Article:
A comprehensive mechanistic model of forage and individual animals and the interactions between them has been developed using published information and established theory (Richardson et al., 2000). The model partitions daily rainfall between runoff, infiltration and drainage and also simulates the loss of soil moisture by evaporation and transpiration. Forage production is modelled in relation to soil moisture and the present potential for growth. Prediction of metabolisable energy intake is an important component of the model. The simulated intake of growing animals is the smallest of those predicted by three different mechanisms (Poppi et al., 1994). These are the rate at which the animal is able to harvest forage, the physical capacity of the digestive system and the animal's potential for growth. The rate of harvesting depends on the breadth of the dental arcade and the maximum number of bites per day which increases from zero in calves less than seven days old to a maximum of 38 000/day at 16 weeks. The rate of harvesting of forage is also dependent on forage density assuming a sigmoid response to calculate an adjustment factor, Y, Equation 1 (Thornley, 1998).
Where X is forage density, kg/ha; k is the forage density at which intake is half of maximum potential and q is a steepness parameter. In the model the upper limit to voluntary intake imposed by the capacity of the digestive system, Ids, is determined from faecal DM output, FDM,, and the metabolisability of the diet, Qd,Equation 2. The factor 0.82 is the ratio between metabolisability and digestibility of forage diets (Kahn & Spedding, 1984).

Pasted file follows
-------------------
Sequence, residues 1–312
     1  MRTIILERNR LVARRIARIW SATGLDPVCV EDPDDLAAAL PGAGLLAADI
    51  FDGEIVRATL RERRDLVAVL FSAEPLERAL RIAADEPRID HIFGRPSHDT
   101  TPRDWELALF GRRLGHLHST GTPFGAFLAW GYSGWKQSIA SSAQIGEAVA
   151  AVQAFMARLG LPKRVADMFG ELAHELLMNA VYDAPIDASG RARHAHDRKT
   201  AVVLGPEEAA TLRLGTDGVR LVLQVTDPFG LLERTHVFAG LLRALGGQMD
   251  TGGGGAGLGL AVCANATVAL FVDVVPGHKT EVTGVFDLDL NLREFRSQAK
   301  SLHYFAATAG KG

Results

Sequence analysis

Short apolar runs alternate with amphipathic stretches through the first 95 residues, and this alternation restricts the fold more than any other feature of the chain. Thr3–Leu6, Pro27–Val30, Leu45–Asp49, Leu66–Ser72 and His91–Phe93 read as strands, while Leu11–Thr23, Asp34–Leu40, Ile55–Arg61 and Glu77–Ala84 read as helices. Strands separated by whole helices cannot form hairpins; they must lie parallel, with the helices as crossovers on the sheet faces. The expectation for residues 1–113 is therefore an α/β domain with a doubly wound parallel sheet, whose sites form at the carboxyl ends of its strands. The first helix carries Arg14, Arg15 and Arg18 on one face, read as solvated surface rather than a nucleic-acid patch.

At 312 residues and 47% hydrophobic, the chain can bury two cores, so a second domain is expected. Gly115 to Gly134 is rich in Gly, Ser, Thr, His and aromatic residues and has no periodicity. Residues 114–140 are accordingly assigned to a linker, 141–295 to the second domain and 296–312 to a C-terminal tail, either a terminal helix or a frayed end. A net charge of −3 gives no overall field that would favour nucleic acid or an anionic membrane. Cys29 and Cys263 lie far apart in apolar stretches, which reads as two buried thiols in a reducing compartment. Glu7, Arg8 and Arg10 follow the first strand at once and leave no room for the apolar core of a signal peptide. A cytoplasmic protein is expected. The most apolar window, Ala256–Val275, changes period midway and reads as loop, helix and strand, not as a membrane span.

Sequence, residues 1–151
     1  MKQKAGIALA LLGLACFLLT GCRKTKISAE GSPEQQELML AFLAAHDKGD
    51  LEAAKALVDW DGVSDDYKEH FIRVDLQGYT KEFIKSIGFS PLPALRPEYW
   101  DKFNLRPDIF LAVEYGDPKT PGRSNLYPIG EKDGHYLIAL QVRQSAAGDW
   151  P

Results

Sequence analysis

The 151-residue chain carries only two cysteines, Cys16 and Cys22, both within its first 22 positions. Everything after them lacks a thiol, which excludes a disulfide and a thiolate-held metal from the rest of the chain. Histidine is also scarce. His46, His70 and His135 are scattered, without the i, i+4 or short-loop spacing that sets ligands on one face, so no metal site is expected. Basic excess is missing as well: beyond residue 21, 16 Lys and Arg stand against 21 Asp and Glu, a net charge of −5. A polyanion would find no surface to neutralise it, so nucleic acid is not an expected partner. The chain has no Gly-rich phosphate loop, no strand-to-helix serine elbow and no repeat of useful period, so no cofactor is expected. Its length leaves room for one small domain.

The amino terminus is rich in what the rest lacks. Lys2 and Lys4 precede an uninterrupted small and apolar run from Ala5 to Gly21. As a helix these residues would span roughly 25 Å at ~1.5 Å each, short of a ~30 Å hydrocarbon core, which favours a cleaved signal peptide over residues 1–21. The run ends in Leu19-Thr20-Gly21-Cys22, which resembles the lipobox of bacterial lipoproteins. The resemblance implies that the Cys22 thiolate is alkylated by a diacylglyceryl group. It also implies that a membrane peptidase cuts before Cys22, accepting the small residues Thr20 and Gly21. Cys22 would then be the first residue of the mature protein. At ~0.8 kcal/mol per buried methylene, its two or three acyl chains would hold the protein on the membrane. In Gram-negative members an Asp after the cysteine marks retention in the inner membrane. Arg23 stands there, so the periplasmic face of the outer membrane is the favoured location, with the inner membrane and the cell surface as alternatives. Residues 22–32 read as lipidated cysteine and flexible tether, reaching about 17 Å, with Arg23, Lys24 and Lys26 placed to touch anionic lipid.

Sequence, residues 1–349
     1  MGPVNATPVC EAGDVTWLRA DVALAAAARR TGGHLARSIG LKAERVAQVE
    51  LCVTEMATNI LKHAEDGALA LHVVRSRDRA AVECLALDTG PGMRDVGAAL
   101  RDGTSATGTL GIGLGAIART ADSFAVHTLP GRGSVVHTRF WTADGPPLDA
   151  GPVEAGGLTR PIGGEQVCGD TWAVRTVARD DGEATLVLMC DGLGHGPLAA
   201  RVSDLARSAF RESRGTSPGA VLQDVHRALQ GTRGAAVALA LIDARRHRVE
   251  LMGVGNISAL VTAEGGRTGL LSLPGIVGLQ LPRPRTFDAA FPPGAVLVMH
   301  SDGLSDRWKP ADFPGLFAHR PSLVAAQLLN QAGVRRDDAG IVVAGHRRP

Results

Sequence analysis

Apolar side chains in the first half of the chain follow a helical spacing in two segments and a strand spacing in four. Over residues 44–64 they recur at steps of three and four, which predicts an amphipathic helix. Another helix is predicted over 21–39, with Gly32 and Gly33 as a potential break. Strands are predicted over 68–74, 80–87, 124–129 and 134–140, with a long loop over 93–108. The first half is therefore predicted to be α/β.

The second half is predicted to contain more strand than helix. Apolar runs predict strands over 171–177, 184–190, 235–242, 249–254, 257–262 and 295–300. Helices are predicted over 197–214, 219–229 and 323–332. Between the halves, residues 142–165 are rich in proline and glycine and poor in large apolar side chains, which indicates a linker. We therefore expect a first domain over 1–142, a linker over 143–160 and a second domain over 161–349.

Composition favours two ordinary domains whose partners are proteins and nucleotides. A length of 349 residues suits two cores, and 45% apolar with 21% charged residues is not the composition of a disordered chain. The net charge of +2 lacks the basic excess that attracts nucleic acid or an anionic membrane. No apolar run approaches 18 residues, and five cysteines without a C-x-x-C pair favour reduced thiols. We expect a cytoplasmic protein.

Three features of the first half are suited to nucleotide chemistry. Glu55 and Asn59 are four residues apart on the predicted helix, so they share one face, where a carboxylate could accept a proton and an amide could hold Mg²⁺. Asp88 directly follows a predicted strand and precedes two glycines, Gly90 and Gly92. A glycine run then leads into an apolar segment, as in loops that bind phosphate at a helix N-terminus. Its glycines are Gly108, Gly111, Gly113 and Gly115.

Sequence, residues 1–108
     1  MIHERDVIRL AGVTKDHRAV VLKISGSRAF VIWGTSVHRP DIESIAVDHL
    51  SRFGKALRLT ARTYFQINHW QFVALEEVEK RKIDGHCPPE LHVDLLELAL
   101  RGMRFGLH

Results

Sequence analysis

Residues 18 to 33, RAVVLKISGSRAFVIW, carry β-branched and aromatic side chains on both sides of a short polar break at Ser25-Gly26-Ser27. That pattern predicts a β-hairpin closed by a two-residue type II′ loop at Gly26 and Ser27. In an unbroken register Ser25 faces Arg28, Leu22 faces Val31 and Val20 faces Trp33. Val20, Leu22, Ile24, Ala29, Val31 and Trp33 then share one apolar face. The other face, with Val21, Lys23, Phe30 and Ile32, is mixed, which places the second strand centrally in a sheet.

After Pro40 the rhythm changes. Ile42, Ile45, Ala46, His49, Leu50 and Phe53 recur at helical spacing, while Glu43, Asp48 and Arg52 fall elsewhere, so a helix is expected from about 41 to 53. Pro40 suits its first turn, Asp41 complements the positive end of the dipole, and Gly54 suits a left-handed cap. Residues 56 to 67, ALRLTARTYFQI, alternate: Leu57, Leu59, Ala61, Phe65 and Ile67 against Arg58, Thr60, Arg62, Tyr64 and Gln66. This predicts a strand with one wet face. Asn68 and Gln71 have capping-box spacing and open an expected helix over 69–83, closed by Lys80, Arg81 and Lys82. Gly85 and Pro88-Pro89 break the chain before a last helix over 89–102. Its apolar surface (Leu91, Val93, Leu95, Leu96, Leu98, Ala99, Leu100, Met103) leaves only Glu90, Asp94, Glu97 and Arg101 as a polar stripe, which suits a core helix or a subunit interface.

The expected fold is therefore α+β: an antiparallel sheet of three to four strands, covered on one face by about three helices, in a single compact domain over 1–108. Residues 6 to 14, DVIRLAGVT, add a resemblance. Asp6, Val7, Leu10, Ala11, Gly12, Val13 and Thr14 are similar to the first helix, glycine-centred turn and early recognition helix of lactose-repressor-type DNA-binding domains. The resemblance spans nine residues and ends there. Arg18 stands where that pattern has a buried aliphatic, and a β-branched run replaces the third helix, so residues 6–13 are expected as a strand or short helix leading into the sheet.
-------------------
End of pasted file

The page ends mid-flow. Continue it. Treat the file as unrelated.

Dental arcade breadth in continuously growing animals increases with live weight and mature weight, Figure 1, but does not decrease if the animal loses weight. Digestive system capacity is measured as potential faecal DM output that is related to live weight in animals that are gaining weight (Figure 1) (Butterfield, 1988). Faecal output reaches a maximum when live weight is 0.75 of mature weight. If live weight increases beyond 0.75 of that at maturity then the capacity of the digestive system decreases due to the accumulation of fat in the body cavity. This decrease is reversible if the animal loses weight. Loss in weight in animals less than 0.75 of mature weight does not lead to decline in faecal output.
Metabolisable energy intake is partitioned between maintenance, accretion/depletion of body protein and fat, conceptus growth and milk production, using the method of Finlayson et al. (1994). The model simulates the effect of nutrition on udder development during the final 100 days of pregnancy as this has a major effect on subsequent milk yield. In this paper the model is used to study the effects of undernutrition of breeding cows on the prenatal, pre-weaning and post-weaning growth of their calves.
Results and Discussion